The General Court confirmed that a selective distribution system – and by analogy a selective repair system – is not contrary to article 101 TFEU, if the conditions imposed on retailers/repairers are objectively justified, non-discriminatory and proportional. The General Court has emphasised that maintaining a prestigious image is no justification for maintaining a selective repair system. However, the purpose of guaranteeing the quality and the correct use of the products and combating illegal counterfeits, are legitimate grounds for justifying selective repair systems. According to the General Court, the Commission made a thorough examination of whether the systems in question are capable of achieving those objectives and do not go beyond what is necessary.
CEAHR had presented the argument that a comparison should be made with the motor vehicle sector. In that sector restrictions on selling spare parts to independent repairers are considered to be 'hardcore restrictions' (where the block exemption is not applicable). According to the Commission, this comparison cannot be upheld due to the following distinctive factors: (i) the motor vehicle sector is subject to specific regulations, (ii) in the motor vehicle sector, spare parts can be supplied directly to end users, (iii) the after sales services in the prestigious watches sector is a less profitable market and (iv) in the watches sector, it is less important to have several repair centres close to consumers, because it is easier to ship watches than vehicles for repair . However, this argument may also meet with some criticism. For example, the judgment does not prove that aftersales services in the watches sector are less profitable. The question arises how relevant it actually is, if the restrictions (perhaps to a lesser extent) will still lead to a price increase for consumers. Furthermore, shipping the product to a faraway location will, in principle, lead to an increase of the repair price for consumers. It is also unclear why the fact that there are specific regulations in place should justify a stricter regime. This is circular reasoning.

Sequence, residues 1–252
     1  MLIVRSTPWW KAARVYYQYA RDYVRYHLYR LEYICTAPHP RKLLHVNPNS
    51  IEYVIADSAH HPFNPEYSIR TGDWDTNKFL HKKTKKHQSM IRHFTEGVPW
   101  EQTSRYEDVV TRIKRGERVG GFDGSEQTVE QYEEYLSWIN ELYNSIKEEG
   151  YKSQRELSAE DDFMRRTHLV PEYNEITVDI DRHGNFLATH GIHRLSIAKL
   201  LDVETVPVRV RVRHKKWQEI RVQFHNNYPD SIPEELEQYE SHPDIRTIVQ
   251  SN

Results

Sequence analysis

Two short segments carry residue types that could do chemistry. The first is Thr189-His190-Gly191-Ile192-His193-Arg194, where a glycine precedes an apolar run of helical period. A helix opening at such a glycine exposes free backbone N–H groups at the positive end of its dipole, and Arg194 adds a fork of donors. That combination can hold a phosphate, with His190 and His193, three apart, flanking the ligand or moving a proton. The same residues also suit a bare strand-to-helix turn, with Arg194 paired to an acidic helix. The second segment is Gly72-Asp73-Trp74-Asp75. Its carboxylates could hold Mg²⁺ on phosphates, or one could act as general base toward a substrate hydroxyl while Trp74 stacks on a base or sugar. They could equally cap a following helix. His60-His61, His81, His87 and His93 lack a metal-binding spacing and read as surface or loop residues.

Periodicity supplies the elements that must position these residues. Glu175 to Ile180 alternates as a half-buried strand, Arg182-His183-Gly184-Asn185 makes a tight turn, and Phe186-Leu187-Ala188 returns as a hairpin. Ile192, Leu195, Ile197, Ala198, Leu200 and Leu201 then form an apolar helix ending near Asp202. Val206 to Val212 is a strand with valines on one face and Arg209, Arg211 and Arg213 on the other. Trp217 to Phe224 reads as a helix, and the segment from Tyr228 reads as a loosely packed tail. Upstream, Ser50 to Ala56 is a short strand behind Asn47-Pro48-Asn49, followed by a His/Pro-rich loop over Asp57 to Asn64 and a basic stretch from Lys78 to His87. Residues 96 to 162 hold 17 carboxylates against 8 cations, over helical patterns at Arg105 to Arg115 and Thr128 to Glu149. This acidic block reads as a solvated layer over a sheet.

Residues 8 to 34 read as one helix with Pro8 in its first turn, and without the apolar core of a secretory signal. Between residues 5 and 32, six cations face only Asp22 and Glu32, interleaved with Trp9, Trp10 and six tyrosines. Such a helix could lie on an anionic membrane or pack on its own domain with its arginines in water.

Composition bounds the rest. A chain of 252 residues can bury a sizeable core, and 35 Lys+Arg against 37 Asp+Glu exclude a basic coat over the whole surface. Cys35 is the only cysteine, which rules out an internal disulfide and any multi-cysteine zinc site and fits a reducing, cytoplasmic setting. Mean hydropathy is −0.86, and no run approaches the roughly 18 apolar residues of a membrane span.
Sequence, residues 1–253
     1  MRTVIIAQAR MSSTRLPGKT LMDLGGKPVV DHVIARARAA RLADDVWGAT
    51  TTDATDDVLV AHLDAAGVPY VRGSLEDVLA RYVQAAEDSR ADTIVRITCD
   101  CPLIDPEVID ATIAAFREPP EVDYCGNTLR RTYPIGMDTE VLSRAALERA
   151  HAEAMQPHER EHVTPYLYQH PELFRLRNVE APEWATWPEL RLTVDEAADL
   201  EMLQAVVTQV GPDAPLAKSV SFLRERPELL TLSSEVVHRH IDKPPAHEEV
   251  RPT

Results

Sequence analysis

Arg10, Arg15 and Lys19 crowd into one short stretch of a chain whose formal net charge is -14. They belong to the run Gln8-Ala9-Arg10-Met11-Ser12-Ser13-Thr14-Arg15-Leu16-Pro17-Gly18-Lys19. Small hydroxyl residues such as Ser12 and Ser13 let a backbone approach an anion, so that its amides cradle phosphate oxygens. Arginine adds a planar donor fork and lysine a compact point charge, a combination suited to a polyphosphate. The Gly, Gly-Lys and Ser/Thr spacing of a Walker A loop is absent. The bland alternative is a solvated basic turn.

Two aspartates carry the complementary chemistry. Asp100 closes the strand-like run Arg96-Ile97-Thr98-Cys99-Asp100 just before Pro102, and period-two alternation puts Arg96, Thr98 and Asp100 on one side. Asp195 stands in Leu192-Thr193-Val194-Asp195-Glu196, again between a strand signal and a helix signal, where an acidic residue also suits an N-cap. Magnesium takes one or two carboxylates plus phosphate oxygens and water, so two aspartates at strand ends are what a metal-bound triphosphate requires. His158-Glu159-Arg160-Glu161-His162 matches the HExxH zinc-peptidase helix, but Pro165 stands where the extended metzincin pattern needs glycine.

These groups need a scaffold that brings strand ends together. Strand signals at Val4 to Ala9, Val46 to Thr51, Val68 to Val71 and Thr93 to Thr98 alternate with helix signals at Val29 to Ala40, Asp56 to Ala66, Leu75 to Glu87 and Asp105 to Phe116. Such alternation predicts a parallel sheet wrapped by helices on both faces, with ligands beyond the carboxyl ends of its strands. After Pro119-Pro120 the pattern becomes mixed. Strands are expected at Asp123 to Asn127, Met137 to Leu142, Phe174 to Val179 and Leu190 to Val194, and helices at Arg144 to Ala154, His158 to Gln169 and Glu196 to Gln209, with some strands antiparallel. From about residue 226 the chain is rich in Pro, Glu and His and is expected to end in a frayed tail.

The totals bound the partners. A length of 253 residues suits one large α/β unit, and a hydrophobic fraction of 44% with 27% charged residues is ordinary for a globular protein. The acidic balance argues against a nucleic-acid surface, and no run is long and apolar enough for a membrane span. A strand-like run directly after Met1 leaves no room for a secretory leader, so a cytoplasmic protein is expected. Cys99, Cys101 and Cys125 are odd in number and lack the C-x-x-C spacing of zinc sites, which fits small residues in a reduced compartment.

The criteria imposed by the Swiss watchmakers, in the context of their selective distribution systems, seem unusually strict. The question arises, whether (all) these strict criteria are actually necessary and proportional to achieve the objectives (safeguarding the quality, correct use and combating illegal counterfeits). Especially if these criteria result in hardly any independent repairers entering the market. It is remarkable that the General Court has stressed more than once that CEAHR has failed to support its arguments in this context and to submit proof or provide an explanation. Perhaps it is a lost opportunity. It remains to be seen, whether the General Court would have come to the same conclusion if presented with another (more extensive) body of facts and better substantiation. However, this judgment provides parties, who (wish to) maintain a selective distribution system and intend to extend it to the repairs market, with additional ammunition.
All things considered, it looks like the reasonable course adopted earlier with regard to selective distribution systems will continue with this General Court judgment, or will at least be applied to selective repair systems. Please also check out our previous article on the judgment of the Court of Amsterdam with regard to Nike's selective distribution system. It is interesting that the Court of Amsterdam (in brief) had come to the conclusion that - based on the conclusion of the Advocate-General in the Coty case before the European Court of Justice – protecting Nike's brand image was a legitimate justification for maintaining Nike's selective distribution system. In the current case, the General Court has ruled that maintaining the prestigious image of watches does not provide justification for maintaining a selective repair system. The quality of the repair service does.